What was a particularly hard decision you've had to make?
When we were originally opening, we were looking at a difference location. I think we made a great decision, but at the time I was very nervous to leave a location we were negotiating on. At the time, you were picking one over the other, and you don't know what is better. We' already invested money in location with architecture plans and lawyer fees, and we were wondering if we should leave all that money and start over. You might think the potential for profit is better somewhere else, but you're basing it on a guess, nothing is actual. You just have to go with your gut.
Some people really love counter service, but others really don't. How do you manage that model, especially during busy times, like your brunch rush?
In the beginning, people didn't know we were counter service and would come and be frustrated. Our manager handled it well, and our staff does a really good job accommodating people. Our goal was never to be a sit-down long lunch place. We want people to be able to come in and get a great meal relatively quickly and get back to work, or to go at their own pace. You can have a bottle of wine, or get another one if you want. It's not rushed in any way, and you're not waiting on a server to pace your meal.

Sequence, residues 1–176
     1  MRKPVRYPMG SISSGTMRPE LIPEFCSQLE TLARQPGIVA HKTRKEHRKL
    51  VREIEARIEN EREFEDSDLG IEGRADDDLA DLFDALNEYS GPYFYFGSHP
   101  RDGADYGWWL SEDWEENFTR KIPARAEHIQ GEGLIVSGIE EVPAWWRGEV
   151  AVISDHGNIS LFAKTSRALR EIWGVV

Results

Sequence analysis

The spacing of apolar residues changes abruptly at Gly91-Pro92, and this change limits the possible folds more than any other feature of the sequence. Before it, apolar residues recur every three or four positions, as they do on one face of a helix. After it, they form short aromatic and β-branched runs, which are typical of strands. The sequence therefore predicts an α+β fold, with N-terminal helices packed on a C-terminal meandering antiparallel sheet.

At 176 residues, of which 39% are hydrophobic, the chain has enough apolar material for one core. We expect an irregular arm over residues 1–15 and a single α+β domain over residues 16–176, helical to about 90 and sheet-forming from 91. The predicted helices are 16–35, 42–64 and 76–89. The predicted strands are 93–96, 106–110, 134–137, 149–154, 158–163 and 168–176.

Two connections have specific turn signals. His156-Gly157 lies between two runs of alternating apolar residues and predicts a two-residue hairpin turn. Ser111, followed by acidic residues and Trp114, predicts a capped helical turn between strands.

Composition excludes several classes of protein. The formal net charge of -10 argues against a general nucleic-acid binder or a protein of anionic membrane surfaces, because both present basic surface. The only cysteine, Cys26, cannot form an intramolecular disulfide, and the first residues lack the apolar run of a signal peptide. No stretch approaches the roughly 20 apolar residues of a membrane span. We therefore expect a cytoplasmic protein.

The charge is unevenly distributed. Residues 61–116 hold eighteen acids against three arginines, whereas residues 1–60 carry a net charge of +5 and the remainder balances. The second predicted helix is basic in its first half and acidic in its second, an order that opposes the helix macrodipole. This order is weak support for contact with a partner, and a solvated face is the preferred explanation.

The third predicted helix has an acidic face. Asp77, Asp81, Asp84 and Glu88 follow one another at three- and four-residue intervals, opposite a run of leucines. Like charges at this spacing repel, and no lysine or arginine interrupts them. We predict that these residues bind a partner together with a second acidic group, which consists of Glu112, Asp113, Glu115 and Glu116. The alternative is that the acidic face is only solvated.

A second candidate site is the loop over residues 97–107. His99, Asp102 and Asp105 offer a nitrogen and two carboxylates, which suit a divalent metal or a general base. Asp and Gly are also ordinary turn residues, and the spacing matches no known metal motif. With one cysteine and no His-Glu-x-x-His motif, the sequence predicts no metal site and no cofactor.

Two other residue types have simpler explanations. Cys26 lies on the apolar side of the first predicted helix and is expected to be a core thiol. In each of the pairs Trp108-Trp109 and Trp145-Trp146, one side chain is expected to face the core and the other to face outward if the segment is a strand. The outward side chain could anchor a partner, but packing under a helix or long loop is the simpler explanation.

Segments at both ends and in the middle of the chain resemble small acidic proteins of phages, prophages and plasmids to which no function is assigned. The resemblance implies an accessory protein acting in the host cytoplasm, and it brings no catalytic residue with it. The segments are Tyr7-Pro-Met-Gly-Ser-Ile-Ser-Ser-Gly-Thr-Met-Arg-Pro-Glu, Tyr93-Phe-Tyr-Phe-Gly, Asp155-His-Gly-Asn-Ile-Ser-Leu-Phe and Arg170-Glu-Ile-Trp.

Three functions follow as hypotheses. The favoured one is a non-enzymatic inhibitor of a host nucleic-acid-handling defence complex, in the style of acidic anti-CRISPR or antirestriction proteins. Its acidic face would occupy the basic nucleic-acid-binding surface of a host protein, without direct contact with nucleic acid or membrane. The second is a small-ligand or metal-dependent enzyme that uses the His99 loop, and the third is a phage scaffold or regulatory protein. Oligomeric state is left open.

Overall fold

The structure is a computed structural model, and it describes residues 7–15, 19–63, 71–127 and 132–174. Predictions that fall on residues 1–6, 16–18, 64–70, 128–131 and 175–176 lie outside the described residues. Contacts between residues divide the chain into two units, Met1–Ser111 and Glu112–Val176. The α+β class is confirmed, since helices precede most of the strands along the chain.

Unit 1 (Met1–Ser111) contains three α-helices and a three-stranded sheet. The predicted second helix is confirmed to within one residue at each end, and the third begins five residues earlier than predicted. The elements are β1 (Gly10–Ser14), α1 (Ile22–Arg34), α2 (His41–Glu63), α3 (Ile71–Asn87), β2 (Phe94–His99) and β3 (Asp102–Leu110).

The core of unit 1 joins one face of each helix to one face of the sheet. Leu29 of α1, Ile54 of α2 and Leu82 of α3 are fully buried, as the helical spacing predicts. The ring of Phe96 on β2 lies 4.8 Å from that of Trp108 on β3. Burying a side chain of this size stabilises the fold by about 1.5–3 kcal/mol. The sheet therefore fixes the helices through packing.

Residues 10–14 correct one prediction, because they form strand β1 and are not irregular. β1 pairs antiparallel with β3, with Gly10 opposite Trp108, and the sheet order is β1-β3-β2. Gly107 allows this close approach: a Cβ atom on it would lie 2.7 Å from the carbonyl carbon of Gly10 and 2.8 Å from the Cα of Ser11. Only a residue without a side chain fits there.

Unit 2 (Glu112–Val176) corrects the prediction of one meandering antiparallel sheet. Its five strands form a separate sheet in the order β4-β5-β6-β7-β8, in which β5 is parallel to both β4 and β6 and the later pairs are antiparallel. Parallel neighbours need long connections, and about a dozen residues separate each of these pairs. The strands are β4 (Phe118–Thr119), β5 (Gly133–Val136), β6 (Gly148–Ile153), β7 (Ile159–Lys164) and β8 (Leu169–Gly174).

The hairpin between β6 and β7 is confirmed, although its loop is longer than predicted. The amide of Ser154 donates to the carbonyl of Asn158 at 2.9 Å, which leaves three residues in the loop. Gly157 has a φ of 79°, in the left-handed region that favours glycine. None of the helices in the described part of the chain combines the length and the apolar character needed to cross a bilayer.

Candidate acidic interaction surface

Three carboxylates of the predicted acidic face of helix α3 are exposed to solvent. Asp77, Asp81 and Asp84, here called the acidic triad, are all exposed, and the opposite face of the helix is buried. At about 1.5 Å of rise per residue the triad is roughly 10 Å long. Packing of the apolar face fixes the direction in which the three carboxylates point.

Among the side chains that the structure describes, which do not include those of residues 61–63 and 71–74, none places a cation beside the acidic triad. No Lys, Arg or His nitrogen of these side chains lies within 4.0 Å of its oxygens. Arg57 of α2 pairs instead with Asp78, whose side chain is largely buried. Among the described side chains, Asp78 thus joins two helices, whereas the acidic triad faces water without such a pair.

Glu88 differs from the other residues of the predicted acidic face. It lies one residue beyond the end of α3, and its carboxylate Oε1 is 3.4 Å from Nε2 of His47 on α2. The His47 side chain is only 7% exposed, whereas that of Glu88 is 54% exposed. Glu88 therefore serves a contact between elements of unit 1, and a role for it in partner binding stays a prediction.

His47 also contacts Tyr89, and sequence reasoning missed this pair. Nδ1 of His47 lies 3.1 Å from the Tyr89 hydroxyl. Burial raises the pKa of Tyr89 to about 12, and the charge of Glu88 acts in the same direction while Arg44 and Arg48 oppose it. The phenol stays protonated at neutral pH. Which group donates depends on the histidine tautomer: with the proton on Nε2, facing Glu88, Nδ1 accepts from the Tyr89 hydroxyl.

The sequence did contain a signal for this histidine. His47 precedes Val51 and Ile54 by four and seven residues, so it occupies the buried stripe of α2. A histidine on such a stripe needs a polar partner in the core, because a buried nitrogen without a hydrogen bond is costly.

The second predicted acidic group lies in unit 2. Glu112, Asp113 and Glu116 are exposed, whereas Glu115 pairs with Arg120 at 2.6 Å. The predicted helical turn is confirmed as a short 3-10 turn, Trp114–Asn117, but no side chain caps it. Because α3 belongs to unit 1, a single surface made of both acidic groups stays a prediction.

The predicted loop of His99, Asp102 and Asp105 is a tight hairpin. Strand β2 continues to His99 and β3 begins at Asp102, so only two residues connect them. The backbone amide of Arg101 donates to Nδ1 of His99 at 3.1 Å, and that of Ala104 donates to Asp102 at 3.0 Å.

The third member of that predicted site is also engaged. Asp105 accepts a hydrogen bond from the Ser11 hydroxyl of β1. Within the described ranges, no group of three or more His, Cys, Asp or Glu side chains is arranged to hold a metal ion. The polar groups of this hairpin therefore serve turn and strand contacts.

I will say that most people who are upset are people from an older generation – we have people who are older who love to eat with us as well, but we can't accommodate everyone, you just make an effort and hope they enjoy the food.
When it's rainy we have an issue with seating, or when it's really cold, but it hasn't been a huge reoccurring problem. We hope to get our patio semi-covered this summer, and then we can accommodate more people.
What was the best moment of the past year?
Any time we do events are fun, any time we get written up. Articles are great, they boost morale and people working with us like to know they're doing a good job. It makes me excited that they're excited and are enjoying where they work.
You just brought in a new pastry chef, Heather Butcher, who's previously worked with John Besh. Will you be changing up your pastry program at all?
We're probably going to do a bit more sweet stuff. Right now we do lemon bars and cookies and macarons, and we'll probably do more on that end. And also more desserts and specials – we're going to do mini king cakes for Fat Tuesday.
Where do you want Épicerie to be a year from now?
I want us to do more events on Sundays. I'd like to crawfish boils and couchon de lait, a Cajun pig roast. You want to make sure all your food and service is doing well your first , and then in year two you can play more.
Anything else on the horizon?